Diverse art expressions
The inaugural `Young Eminents' art exhibition of paintings, drawings, sculptures, graphics and prints at the Chitraangan Gallery in Hawa Mahal offers diverse expressions and articulations of different concepts by nearly 15 artists, most of them young.
Mayank Kumari Deo, who organised the show, could not have chosen a better place. The whole architectural ambience and history of Hawa Mahal is quite appropriate for the manifestation of such a display of creativity. This is a very good beginning and one hopes it would lead to more art-related activities as it is a fascinating place affording remarkable opportunities.
The participants include M. Adinarayana, a senior sculptor of the Andhra University Fine Arts Department, K. Ravi, G. Sairam, P. Srinivasa Rao, John Ratna Babu, Namburi Srinivas Rao, Rani, Suresh, Uma, Susanko Datta, Bhoopal, K.M. Panda and K.V.S. Prasad.
There does not seem to be a common strand that binds the works together, either in terms of concerns or through formal representations. There are abstractions, figurative imagery, works that are academic exercises and a few that are absolutely evocative and lyrical. Some seem to have been done in defiant solitude while others are within the discipline of an established style, while yet others appear detesting classifications and hierarchies. In a broad sense, these young artists seem to have blended tradition with their essential grounding in modernity.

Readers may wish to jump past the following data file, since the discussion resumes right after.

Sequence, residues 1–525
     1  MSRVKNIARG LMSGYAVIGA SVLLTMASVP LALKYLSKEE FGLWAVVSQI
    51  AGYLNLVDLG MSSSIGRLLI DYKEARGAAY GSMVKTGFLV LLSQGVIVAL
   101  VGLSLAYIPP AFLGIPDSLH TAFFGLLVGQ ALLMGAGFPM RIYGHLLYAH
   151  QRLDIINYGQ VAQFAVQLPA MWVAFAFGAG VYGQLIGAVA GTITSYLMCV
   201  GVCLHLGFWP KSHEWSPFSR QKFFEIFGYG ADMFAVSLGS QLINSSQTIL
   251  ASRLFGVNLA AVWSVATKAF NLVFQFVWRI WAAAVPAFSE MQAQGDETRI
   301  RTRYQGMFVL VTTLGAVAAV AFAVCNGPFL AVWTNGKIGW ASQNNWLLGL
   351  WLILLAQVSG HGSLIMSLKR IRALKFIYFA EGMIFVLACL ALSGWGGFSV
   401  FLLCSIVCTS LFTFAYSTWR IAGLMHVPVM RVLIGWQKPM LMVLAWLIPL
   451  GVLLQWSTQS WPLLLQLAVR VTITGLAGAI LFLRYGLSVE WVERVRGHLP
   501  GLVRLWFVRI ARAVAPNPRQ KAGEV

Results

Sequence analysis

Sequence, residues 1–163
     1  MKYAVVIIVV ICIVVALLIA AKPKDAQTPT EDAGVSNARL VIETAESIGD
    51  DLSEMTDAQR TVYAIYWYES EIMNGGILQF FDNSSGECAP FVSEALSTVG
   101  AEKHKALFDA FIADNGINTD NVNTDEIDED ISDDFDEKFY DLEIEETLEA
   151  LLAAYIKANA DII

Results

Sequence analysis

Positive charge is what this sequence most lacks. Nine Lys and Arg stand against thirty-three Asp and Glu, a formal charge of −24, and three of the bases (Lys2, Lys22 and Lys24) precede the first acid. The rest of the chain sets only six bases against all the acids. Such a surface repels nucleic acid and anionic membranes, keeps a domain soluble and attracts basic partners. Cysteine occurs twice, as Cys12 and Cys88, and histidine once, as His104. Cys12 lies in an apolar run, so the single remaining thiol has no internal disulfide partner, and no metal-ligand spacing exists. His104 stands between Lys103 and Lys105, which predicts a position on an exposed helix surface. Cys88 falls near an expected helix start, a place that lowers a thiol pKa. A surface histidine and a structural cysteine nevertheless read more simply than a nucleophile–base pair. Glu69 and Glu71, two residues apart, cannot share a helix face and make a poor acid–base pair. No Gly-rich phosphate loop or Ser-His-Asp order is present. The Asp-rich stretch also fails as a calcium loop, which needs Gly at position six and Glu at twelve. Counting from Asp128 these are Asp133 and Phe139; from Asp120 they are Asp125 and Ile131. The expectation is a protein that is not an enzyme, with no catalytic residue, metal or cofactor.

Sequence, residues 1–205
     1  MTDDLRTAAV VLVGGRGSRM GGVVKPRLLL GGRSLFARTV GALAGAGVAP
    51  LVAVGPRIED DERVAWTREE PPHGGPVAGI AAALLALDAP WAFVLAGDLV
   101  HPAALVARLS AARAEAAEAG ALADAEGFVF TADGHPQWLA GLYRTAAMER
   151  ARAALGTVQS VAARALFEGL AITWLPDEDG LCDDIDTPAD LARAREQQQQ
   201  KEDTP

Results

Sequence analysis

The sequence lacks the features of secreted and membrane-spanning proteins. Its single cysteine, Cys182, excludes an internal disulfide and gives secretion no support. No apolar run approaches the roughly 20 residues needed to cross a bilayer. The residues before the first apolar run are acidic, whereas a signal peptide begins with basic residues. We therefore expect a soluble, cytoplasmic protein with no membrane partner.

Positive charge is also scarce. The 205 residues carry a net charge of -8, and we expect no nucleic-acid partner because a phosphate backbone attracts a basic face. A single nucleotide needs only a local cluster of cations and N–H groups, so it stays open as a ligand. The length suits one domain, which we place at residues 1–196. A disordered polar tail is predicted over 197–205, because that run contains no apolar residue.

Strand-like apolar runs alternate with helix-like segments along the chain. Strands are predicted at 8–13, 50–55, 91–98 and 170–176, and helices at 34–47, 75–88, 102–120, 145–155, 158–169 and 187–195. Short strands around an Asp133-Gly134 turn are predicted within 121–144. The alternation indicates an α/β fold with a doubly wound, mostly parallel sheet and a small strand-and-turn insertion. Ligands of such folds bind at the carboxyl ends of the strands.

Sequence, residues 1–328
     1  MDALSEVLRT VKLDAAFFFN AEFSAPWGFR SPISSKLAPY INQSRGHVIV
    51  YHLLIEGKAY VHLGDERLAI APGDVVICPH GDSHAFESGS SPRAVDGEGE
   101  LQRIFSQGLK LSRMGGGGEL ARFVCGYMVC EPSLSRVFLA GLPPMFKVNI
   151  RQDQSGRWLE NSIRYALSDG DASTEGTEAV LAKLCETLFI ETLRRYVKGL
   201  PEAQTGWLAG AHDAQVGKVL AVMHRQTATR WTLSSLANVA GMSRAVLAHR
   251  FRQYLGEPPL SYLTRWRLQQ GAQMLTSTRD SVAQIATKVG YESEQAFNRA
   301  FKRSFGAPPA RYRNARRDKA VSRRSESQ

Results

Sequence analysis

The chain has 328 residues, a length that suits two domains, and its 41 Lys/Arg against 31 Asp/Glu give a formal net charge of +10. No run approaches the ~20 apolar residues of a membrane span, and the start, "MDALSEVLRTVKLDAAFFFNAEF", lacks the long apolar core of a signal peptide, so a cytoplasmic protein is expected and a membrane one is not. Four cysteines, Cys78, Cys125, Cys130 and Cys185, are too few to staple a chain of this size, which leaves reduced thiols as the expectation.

Panda's untitled works in acrylic and his `Topography-1', `Arrows', `Transience', and `Eternity' are depicted in a very simplified form. In spite of using bright colours, there is an underlying element of alienation and disquiet in his landscape. While Ravi has done a series of highly stylised `Woman' possessing striking visual charm, Sushanto Datta's imagery, done on hand-made paper is clearly inspired by adivasi art forms. Namburi Srinivas Rao with his simple lines depicts ordinary life in a poetic manner. There is a certain flair and vibrant imagination in some of his works.
Of the two women artists, Uma and Rani, the latter articulates a very feminist sensibility with depictions of the single woman. Uma's concerns are more mundane like simple objects used at home. Bhoopal's `Weariness' and `Liability' in dry pastels are attempts at capturing the dignity of human labour. John Ratnam's works have a strong influence of Hussain.
Suresh's etchings of old buildings merge easily with the landscape and are very impressive. They exude a feeling of serenity and implacable repose but could they not have been done on a larger format? Perhaps, the artist feels using limited space affords maximum intimacy? P. Srinivas exhibits his sculpture done in wood relief with other scrap material.
In all, the lack of a thematic unity in most of the works, is refreshing. The artists themselves say they have not digressed much from their earlier concerns.
Mayank, a passionate lover of art, says that she always want to have an art gallery and the idea of putting the Hawa Mahal to creative use began after the local chapter of the INTACH took the initiative. She also plans to have a restaurant and coffee shop in the lawns and a small museum. "The former Maharaja of Bobbili has said that he wants to display some of his artefacts here," she adds.
The works on display at the art exhibition are wallet-friendly and the response to the show has been fairly encouraging. It runs till September 5 (10 a.m. to 7 p.m.) and is definitely worth a visit.
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